Impressed by the passion and energy of Jesus and Mary College cricketers, the former wicketkeeper-batsman heaped praises on them.
One can only guess how many matches India would have won had Adam Gilchrist opted to become a teacher like his parents. The former Australian cricketer, who was here in his capacity as Australia-India education ambassador, shared, “Cricket happened before I could pursue my career as a teacher but see, cricket has got me back at promoting education.”
Adam Gilchrist played a friendly cricket match against the women’s cricket team from Jesus and Mary College (Delhi University) at the Australian High Commission on Monday morning. His team had women players from the Jammu and Kashmir’s CM XI team and embassy officials. While Gilly’s team scored 61 runs in five overs, the match, which was interrupted by rains many a times, was won by the JMC girls. Arshi Chaudhary, who hit a six on the last ball, told us, “We needed four runs. I could feel the same pressure that these cricketers feel in big matches but mazaa aa gaya. This morning, I told my parents that I was going to play with Gilchrist and they will be delighted to know that I hit him for three sixes.”
Before the game began, he told the girls that there is no better time to pursue sports. “Women today are more recognised for their role in the development of the sport,” and added, “Initially the focus needs to be on developing sports at the grass root level. But just honing the talent is not enough, there are administrative and marketing aspects as well that play a big role.”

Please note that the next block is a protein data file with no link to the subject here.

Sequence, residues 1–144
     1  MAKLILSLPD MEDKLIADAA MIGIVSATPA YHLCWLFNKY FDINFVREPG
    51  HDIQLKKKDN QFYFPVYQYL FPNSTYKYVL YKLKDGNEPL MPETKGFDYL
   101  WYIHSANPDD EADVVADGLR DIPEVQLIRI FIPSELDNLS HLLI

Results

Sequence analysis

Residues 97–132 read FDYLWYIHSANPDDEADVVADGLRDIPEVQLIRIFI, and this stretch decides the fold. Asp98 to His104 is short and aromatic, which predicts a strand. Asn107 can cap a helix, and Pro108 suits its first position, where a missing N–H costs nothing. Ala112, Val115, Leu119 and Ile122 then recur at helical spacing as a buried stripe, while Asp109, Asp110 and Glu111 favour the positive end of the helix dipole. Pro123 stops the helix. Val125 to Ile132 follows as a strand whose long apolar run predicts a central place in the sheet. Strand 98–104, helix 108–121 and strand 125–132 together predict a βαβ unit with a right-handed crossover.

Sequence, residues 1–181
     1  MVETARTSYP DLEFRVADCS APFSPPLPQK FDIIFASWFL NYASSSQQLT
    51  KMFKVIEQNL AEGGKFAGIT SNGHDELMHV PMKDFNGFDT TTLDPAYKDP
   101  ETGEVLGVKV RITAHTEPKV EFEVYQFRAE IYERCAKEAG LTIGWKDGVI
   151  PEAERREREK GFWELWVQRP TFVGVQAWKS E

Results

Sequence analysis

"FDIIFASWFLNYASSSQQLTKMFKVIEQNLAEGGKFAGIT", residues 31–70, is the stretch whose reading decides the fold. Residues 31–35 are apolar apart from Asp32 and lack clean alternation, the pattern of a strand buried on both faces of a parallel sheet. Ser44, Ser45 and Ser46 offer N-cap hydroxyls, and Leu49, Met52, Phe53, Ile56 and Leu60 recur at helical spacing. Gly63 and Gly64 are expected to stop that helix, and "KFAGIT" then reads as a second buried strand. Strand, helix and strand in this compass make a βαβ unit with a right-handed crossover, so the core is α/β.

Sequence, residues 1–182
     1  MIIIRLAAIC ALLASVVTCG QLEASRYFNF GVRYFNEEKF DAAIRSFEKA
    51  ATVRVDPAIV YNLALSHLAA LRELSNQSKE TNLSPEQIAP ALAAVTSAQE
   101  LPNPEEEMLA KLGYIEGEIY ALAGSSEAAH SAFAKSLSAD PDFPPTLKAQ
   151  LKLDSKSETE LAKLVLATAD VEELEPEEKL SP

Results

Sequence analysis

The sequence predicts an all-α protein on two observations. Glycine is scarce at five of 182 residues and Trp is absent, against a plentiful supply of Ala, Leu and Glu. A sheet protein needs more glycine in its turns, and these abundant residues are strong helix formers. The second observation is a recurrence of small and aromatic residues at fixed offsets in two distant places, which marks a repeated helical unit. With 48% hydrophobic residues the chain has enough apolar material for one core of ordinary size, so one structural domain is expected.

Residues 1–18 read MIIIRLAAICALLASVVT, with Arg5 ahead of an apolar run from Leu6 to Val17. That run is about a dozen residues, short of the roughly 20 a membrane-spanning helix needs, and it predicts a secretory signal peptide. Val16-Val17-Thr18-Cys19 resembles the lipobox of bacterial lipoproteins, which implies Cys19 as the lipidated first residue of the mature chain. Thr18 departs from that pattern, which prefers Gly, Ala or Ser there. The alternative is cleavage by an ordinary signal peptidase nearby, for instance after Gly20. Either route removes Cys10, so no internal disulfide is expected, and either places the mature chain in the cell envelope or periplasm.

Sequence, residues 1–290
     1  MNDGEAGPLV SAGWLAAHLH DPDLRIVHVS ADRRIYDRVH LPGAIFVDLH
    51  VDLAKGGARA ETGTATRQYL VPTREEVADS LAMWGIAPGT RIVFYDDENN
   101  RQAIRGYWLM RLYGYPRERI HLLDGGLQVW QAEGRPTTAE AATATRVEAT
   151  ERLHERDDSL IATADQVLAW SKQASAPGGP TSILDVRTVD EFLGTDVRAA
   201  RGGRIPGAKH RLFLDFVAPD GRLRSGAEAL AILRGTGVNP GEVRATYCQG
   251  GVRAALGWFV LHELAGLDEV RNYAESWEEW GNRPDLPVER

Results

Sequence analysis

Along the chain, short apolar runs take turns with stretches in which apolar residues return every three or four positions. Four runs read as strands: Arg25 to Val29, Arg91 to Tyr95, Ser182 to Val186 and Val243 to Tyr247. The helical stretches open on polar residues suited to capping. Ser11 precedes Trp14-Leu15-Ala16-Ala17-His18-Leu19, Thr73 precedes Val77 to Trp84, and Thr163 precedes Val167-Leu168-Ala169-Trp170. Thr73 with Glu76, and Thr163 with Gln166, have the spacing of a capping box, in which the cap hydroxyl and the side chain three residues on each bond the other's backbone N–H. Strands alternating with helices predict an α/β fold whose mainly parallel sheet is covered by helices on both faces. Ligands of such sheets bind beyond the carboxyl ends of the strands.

After the game, he sounded immensely impressed by the efforts of the girls. He said, “The girls were very competitive. They are so skilled that it becomes clear that they aren’t just social cricketers. Even rains couldn’t stop them. Their passion and energy tell you that they clearly love the game. Failures are part of the sport but always remember the pure joy you get out of playing it.”
Australian High Commissioner to India, Harinder Sidhu on the occasion told us, “We feel privileged to host the two women’s teams. To see more girls play cricket and show their ambitions is just wonderful. It is not lost on me how it was two women who got India its Olympic medals. It was a remarkable feat and now there is more interest in women playing sports and some of the cultural barriers are falling away. In India, it will take a little time for women’s cricket to develop a following as it was the case in Australia.”
The wicketkeeper-batsman before signing off told the mediapersons that he believes Virat Kohli had a great tournament as a captain and he shouldn’t be judged on the results of the Champions Trophy finals. In fact, he added that both India and Australia can learn from a lot their failures and disappointments faced in the recently-concluded tourney.